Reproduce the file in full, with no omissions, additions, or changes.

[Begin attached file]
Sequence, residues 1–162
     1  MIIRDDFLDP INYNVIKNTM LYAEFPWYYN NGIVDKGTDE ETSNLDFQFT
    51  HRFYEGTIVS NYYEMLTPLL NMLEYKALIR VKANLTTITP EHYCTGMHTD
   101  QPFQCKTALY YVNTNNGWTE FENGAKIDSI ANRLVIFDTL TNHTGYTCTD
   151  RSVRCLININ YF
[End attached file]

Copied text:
Sequence, residues 1–162
     1  MIIRDDFLDP INYNVIKNTM LYAEFPWYYN NGIVDKGTDE ETSNLDFQFT
    51  HRFYEGTIVS NYYEMLTPLL NMLEYKALIR VKANLTTITP EHYCTGMHTD
   101  QPFQCKTALY YVNTNNGWTE FENGAKIDSI ANRLVIFDTL TNHTGYTCTD
   151  RSVRCLININ YF